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Learn from Kiwi experience

DISTANT observers often see us more clearly than we see ourselves. Heard much about the “miraculous” New Zealand economy lately?

Freelance journo Murray Dobbin in Vancouver has recently slammed (National Post 1, August 15) the 15-year free market experiment by NZ’s economic rationalists.

Calling it an unmitigated disaster resulting in immense suffering among ordinary Kiwis, Dobbin listed such horrors as the highest youth suicide rate in the developed world, the increasing need for food banks, the increase in violent crime, the bankruptcy of half the farms and the diminishment of healthcare, education and other social services.

Sound familiar?

Not relying only on these social indicators of an unwell economy, Dobbin looks at the very measures or performance indicators that “ec-rats” would use to define economic success: demolishing the “debt wall”, wooing foreign investment, increased domestic productivity, and spectacular new economic wealth, new jobs, and so on.

The balance sheet looks bleak; the experiment has failed.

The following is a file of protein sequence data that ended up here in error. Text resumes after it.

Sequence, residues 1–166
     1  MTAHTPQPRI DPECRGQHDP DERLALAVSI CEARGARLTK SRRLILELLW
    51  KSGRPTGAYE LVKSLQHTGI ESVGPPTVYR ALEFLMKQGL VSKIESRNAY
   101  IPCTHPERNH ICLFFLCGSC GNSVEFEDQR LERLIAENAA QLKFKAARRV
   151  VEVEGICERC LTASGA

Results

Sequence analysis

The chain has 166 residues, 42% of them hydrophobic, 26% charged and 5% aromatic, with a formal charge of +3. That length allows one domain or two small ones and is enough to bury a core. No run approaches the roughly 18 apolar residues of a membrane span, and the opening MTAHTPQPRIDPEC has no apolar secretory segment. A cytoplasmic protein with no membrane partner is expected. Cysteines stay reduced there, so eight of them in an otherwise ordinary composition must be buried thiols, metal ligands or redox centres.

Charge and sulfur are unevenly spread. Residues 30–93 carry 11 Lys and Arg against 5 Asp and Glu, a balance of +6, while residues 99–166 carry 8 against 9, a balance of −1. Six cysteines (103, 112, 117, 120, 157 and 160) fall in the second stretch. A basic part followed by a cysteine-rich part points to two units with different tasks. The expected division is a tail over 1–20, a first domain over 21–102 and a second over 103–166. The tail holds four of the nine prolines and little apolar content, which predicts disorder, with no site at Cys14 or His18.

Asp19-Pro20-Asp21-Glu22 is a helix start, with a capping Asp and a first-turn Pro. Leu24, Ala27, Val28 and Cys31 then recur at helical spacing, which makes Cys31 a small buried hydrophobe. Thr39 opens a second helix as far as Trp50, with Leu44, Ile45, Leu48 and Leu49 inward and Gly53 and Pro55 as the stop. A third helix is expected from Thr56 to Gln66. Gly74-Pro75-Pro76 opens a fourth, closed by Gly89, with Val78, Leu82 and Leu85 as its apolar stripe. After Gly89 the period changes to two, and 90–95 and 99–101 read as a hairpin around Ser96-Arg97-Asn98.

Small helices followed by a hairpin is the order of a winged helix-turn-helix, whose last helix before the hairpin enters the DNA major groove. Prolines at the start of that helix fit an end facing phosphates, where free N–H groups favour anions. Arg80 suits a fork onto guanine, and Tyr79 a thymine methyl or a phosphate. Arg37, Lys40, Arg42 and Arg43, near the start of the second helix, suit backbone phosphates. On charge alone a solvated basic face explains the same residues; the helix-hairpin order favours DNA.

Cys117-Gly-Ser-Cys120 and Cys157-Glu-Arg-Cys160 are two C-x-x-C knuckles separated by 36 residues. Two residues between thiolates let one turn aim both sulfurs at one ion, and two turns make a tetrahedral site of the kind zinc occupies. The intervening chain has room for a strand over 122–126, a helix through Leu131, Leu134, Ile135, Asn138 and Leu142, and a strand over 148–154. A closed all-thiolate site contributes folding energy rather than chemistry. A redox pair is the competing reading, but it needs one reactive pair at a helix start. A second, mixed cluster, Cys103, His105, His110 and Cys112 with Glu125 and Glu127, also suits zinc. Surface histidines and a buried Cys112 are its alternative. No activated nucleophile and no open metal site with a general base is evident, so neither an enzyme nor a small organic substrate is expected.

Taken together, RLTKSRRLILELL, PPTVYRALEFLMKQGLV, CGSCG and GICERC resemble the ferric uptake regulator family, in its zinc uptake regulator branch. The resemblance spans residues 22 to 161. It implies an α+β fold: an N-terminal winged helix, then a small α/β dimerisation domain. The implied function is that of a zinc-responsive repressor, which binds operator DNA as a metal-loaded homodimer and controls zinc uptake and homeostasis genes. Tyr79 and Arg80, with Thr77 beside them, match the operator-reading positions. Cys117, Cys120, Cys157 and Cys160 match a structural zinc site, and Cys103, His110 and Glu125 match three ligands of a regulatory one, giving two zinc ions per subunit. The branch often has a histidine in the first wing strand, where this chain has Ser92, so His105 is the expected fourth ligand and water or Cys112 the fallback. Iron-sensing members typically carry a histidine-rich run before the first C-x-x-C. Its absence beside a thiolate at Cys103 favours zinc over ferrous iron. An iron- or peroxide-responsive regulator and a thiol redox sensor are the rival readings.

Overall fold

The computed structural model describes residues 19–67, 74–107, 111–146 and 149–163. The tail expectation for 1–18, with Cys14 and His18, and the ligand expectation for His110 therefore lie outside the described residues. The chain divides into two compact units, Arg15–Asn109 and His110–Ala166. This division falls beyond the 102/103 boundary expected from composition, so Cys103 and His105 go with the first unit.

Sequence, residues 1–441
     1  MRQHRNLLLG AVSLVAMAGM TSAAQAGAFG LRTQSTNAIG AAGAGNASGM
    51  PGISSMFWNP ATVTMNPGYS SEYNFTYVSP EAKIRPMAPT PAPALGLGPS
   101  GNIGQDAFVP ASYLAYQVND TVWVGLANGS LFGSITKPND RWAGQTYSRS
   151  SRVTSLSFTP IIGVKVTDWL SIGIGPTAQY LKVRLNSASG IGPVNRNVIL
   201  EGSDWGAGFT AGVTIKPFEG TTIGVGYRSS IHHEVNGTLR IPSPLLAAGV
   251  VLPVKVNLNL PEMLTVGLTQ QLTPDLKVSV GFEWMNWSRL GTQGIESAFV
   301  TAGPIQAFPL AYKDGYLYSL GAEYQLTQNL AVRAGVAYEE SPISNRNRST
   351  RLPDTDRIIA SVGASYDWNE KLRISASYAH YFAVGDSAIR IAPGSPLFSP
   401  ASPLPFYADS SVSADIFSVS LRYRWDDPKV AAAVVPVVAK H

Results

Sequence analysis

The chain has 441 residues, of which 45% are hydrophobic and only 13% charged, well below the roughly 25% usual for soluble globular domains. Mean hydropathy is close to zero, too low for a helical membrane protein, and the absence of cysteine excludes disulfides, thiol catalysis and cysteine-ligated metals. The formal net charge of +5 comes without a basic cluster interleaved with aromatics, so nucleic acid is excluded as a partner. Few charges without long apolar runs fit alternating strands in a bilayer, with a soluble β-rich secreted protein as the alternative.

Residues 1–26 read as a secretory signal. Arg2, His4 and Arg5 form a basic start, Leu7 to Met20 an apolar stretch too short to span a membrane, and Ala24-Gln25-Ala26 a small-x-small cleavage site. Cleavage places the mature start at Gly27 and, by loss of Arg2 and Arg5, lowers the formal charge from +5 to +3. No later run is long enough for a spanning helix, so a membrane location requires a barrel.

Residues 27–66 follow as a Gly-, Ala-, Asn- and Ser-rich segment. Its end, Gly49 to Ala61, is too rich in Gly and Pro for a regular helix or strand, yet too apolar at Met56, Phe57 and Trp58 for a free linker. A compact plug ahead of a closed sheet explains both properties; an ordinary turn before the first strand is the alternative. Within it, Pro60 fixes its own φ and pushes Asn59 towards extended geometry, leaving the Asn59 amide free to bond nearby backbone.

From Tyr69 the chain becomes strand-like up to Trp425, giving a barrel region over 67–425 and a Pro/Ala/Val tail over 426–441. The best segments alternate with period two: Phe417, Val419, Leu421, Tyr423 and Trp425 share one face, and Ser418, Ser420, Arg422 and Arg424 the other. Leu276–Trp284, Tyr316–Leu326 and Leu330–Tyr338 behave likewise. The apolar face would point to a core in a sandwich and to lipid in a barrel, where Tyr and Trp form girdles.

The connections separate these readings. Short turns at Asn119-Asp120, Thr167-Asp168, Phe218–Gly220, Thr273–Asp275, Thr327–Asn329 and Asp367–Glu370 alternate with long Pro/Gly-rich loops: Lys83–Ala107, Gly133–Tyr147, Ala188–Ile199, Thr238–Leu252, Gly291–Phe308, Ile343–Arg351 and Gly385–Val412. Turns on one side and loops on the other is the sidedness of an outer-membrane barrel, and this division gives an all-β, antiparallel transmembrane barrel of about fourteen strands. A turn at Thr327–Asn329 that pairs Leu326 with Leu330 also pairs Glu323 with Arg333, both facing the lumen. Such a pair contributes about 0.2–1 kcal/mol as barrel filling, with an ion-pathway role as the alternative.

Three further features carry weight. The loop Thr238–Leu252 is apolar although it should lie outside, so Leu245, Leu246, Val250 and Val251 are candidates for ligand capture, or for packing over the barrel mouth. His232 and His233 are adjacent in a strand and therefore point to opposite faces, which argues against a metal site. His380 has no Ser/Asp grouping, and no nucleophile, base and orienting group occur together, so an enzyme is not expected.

The debt of 1984 was NZ$22 billion; after liquidating crown assets, it still doubled by 1994 to NZ$45 billion; today it is back to NZ$22 billion through an even greater sell off of state assets.

The disparity between the wealthy and have-nots increased, with the top 10 per cent of income earners measurably increasing their share of total income and the lowest 10 per cent losing 21.6 per cent of their 1984 income.

More than 50 per cent of the total working population, says Dobbin, had lower real income in 1996 than in 1984.

While some economic pundits blame failure on the 21st Century’s favourite bogeyman - globalisation - it appears some wisdom is emerging from NZ’s pervading free trade economic ideology.

The coalition government is reversing many of the most destructive policies, including a rise in pensions, rebuilding public housing stock, a review of electricity pricing, the freezing of clothing and footwear tariffs, and the rerecognition of unions.

Perhaps the most hopeful lesson for us is that social and economic recovery may be possible after economic rationalism has proven itself bankrupt – look and learn, Aussie “ec-rats”.

l Ann Macbeth is a futurist and principal of Annimac consultants.

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